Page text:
The Invisible Man starts with a lot of promise before beginning to consistently disappoint and punish those who watch it, much like the abusive partner it attempts to portray. Cheap writing, lazy plot construction, careless disregard for details, and downright silly action sequences bludgeon every last drop of potential from the original premise and creative camera work.
Creeping out of her home in the middle of the night, Cecilia (Elizabeth Moss), attempts to escape her abusive husband. After carefully fleeing into the woods she manages to narrowly escape a level of domestic abuse that is never specifically defined. After escaping, Cecilia takes refuge with her friend James (Aldis Hodge) and his daughter. Shortly after beginning her new life she is informed of her husband’s death. After receiving a substantial inheritance she tries to move on despite being haunted by increasingly escalating attempts to sabotage her life and destroy her supporting relationships which she believes to be her husband, still alive and using technology to make himself invisible.
While Elizabeth Moss may play an emotionally and physically abused woman, the real victim here is the outstanding premise. The switch in perspective from a man driven mad with power to a woman suffering from the lingering trauma that continues to haunt her even after she has escaped is brilliant. One of the things that director Leigh Whannell does exceptionally well here is to use the camera to capture the perspective of PTSD… using focus and perspective to constantly leave the audience with the expectation of a haunting presence on the edge of every screen or in every empty chair or hallway. The metaphor is brilliant and haunting.
Tragically, however, every other aspect of the film is shallow and cheap. If I had to pick a single sin as the core problem with the execution, it’s that The Invisible Man completely fails to make you feel any weight or physicality to its title character either visually or in the story. Characters flail wildly against empty air, their fists never connecting with a character we’re supposed to believe is there unless they’re holding a plate that’s able to break. The invisible man moves through rooms like a poltergeist, with no grounded sense that the director has any idea where the character is within the scene.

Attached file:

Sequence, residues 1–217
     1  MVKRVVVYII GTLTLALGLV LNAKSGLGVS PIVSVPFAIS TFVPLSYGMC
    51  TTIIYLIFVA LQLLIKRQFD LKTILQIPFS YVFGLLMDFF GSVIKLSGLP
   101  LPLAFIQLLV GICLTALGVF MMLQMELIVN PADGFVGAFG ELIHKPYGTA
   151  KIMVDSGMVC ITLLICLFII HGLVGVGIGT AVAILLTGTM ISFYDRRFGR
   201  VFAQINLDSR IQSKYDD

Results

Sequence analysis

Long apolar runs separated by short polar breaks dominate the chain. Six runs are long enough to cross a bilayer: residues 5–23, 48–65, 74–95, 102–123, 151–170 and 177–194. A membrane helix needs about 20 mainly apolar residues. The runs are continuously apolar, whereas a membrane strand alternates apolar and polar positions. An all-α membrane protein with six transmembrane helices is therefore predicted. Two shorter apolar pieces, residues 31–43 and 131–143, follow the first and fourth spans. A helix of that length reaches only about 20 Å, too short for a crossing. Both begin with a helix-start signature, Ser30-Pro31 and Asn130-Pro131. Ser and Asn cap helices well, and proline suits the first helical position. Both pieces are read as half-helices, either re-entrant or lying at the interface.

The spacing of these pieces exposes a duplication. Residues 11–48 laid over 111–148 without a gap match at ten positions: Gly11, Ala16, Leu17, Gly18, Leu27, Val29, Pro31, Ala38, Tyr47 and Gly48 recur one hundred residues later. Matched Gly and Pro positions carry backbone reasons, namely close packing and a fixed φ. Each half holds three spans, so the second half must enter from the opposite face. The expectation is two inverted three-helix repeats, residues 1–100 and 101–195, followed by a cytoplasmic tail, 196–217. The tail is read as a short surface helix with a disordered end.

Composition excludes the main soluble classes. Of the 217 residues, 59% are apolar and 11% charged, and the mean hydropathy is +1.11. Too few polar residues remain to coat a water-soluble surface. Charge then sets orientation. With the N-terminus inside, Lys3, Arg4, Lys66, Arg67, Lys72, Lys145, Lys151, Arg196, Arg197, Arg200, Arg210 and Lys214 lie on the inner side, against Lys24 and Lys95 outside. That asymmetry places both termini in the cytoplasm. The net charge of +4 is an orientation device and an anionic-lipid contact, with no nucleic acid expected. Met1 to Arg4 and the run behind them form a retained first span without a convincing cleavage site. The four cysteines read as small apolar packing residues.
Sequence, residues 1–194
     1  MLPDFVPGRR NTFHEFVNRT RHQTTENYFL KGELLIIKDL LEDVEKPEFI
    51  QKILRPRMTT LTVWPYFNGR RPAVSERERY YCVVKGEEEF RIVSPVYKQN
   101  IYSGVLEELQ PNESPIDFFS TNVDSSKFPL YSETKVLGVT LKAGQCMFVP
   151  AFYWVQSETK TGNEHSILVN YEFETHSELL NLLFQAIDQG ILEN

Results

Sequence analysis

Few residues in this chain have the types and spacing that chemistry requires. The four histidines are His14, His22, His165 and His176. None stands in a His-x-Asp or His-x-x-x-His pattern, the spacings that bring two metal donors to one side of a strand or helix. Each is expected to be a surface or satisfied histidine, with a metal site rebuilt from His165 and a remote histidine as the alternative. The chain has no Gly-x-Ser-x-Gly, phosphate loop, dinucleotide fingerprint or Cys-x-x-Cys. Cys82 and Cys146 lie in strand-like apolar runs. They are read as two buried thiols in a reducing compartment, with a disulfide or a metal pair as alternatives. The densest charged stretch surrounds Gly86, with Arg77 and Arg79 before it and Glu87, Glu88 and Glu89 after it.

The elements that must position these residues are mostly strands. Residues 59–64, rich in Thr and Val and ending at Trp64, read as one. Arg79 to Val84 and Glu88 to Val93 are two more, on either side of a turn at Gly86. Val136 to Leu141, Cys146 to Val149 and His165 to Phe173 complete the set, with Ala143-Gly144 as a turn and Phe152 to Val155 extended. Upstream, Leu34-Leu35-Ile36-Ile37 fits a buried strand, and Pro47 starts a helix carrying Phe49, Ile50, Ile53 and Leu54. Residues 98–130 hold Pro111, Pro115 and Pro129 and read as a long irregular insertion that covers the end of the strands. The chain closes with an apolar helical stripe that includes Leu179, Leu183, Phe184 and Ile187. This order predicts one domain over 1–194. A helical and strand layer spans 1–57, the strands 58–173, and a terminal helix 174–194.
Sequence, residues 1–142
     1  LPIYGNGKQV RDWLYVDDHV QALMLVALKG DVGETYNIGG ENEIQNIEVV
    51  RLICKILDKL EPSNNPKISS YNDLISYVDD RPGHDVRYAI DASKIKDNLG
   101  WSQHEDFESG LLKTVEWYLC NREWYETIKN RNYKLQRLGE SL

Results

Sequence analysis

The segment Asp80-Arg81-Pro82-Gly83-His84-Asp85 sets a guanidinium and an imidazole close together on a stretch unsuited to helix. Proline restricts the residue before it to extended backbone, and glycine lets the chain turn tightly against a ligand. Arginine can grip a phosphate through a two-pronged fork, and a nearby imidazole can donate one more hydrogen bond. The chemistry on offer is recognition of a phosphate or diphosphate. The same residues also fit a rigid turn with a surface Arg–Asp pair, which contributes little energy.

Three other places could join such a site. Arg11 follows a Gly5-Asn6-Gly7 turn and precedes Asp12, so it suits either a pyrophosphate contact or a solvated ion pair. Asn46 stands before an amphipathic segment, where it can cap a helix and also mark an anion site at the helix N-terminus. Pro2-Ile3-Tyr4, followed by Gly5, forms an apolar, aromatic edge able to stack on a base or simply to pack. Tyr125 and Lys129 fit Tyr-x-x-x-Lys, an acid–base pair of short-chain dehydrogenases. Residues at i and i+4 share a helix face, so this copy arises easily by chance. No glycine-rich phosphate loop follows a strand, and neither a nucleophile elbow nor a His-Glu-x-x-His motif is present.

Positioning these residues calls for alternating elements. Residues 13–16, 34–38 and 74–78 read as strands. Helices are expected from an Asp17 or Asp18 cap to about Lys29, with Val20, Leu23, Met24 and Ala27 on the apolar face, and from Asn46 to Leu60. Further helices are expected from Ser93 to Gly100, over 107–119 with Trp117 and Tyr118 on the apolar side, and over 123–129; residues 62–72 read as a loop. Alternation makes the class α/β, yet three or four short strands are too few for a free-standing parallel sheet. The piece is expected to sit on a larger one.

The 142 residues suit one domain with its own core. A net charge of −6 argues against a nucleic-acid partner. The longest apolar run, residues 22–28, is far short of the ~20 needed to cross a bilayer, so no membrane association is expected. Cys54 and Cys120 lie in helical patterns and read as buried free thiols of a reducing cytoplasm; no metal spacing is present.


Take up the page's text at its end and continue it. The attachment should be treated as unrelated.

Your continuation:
This complete failure to evoke a sense of presence from the invisible man carries over to the dialog and plot. Characters turn on a dime and abandon Elizabeth Moss’ character at the least provocation. Situations in which her antagonist attacks or sabotages her are so poorly considered that they transition into comedy. The bizarrely surreal environment of superficially supportive friends and the cartoonishly evil antagonist is reminiscent of a Lifetime movie. The cumulative effect is a surface deep story that lacks the substance to back up its more powerful ideas.
Unfortunately, these are the two areas that are the most essential to making the movie work. I found myself laughing out loud during moments that were clearly intended to feel tense or emotional. They fail to make you believe that the invisible man is truly there either emotionally or physically. The lazy writing compounds with the ridiculous special effects to produce a film that will have you screaming with frustration at the characters on screen. This could have been something great, and it hurts so much to see such a fantastic premise wasted on what we got instead.
|Final Verdict:||Just watch the trailer and imagine the Lifetime version of that.|
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